One feature that I very much like is the ability to “script” the running of w3af scans. The script that we create is really just the exact commands that we would type into the console to configure/run a scan (including the ‘back’ commands). The main boon of this scriptability is that it makes repeat scans very easy to run. After creating a text file (here seth.w3af) with each console command on a separate line and the final line of start, we can simply run a scan using the following command line:

./w3af –s seth.w3af

Obviously it would behoove those trying to stay out of jail to only target w3af at systems they control… What if you don’t control any web applications (or pretend that yours don’t have security flaws to discover)? Then you can turn to Web Applications Intentionally Ate Up with Suck:

  • WebGoat – OWASP - J2EE
  • Hackme – Foundstone - Emphasis on Web Services
  • Mutillidae – IronGeek – PHP, Apache, MySQL

References

Get w3af:

w3af 2 Part Tutorial from Josh Summit at Pen Tester Confessions:

http://pentesterconfessions.blogspot.com/2007/10/how-to-use-w3af-to-audit-web.html (Part 1) http://pentesterconfessions.blogspot.com/2007/10/w3af-tutorial-part-2.html (Part 2)

w3af Video Demos:

http://w3af.sourceforge.net/videos/video-demos.php


Tech Segment: Fun with Basic auth and base64 encoding

Recently I've been having some fun with my test Snort box. I've been spending a lot of time with the emerging threats rules, and found one that kept triggering with interesting results. That rule was #2006380 for Outgoing Basic Auth Base64 HTTP Password detected. I thought, "Who uses basic auth nowadays?" Boy was I shocked to find out.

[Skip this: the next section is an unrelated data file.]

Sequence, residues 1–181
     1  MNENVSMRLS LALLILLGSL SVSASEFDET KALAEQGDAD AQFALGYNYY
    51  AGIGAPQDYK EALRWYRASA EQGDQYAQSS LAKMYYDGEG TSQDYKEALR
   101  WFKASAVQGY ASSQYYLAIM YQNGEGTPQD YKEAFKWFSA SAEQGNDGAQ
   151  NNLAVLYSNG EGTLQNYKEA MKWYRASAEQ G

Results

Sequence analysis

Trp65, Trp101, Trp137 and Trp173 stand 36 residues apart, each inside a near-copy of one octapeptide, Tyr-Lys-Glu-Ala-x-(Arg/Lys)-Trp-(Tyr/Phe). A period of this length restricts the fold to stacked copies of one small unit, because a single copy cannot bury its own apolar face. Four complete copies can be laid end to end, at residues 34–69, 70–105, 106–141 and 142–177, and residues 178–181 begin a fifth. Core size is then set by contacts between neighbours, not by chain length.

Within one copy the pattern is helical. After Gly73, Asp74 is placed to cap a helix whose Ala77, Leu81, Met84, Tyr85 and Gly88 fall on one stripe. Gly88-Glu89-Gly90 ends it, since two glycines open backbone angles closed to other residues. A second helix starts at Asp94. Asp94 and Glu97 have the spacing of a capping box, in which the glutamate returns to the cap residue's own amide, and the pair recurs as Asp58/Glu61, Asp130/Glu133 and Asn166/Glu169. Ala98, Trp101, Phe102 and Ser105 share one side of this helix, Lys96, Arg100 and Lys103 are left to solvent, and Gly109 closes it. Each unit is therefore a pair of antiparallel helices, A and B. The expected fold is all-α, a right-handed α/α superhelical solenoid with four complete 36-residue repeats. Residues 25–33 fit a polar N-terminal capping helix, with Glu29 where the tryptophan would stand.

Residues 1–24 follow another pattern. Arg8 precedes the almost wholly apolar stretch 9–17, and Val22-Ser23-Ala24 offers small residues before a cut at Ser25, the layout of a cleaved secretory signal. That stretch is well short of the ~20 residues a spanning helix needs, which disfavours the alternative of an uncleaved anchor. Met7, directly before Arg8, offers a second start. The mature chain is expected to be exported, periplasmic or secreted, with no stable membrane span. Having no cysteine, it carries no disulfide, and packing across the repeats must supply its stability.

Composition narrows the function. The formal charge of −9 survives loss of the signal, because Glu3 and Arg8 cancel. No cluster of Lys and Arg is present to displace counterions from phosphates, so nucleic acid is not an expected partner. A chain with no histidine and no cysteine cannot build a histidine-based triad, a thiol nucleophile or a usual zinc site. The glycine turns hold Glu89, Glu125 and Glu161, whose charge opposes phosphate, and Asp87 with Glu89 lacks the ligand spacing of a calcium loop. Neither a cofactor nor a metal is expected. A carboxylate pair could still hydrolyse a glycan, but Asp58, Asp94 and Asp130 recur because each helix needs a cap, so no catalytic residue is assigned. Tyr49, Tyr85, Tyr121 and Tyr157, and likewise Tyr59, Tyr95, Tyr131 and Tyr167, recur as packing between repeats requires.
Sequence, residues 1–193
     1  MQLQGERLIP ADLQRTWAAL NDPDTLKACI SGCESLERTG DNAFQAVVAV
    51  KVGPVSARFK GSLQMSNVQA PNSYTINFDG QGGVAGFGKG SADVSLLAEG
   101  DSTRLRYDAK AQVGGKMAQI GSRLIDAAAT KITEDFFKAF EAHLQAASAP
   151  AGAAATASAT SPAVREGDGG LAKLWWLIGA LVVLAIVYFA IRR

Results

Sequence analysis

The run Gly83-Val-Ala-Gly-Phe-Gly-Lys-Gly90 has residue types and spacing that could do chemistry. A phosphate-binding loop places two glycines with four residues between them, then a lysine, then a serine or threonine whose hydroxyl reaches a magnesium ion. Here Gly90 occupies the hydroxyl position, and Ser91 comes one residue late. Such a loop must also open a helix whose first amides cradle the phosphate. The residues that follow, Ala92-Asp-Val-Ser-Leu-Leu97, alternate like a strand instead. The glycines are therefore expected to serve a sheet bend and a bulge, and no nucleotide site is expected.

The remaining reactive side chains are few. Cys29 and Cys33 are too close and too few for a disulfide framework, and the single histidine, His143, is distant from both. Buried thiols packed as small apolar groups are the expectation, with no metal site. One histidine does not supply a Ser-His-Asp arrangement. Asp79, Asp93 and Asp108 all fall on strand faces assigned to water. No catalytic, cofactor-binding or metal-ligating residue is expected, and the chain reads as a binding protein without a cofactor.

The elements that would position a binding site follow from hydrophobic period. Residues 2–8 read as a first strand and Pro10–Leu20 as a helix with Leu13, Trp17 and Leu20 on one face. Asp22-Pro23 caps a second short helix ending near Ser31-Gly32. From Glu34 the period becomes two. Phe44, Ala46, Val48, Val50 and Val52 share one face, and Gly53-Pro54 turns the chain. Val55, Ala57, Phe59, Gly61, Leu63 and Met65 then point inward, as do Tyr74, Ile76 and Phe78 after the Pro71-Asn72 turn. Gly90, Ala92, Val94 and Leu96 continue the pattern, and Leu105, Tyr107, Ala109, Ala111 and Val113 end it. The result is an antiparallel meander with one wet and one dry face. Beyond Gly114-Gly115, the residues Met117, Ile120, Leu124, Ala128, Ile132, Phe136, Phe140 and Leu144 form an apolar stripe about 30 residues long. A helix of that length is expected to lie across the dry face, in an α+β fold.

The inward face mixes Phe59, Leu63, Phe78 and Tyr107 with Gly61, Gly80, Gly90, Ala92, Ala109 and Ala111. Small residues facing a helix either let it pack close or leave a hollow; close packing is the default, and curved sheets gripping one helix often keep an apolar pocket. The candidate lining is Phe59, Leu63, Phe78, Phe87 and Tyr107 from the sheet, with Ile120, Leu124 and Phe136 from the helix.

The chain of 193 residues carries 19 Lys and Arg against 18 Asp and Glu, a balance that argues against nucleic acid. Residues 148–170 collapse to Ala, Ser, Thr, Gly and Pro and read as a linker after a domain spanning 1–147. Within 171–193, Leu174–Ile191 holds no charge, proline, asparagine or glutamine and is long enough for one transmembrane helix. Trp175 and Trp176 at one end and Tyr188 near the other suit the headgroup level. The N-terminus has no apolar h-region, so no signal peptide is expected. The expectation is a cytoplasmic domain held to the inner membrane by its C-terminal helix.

As an example, I found a number of applications that I was using used basic auth:

  • Tweetdeck - Mostly fixed with the the latest version, but still one action...
  • NetNewsWire - based on website, one being delicious...
  • MobileMe - Not sure where or how (not my MobileMe), but not good.

From this, I wanted to set up a new installation of snort on my OSX box. The install was relatively straight forward. I won't bore you with those details, as I want this to be platform independent; just make sure that you read the included INSTALL file for any caveats based on OS. Other than that it was as simple as a:

./configure ; make ; sudo make install

So, to do this setup, I only wanted to use the one rule. This is a fairly simple task.


First I created a new rules file that contained just my one rule. I put it under /Users/larry and called it base64.rules. Then I edited the default snort.conf (in my installation under /opt/local/etc/snort/snort.conf) to change the rules configuration. I commented out all of the existing rules in the file and added one new one:

import /Users/larry/base64.rules

Then it was just a matter of starting up snort with a few options:

sudo /opt/local/bin/snort -c /opt/local/etc/snort/snort.conf -u larry -g larry -i en1 -l /Users/larry/Desktop -D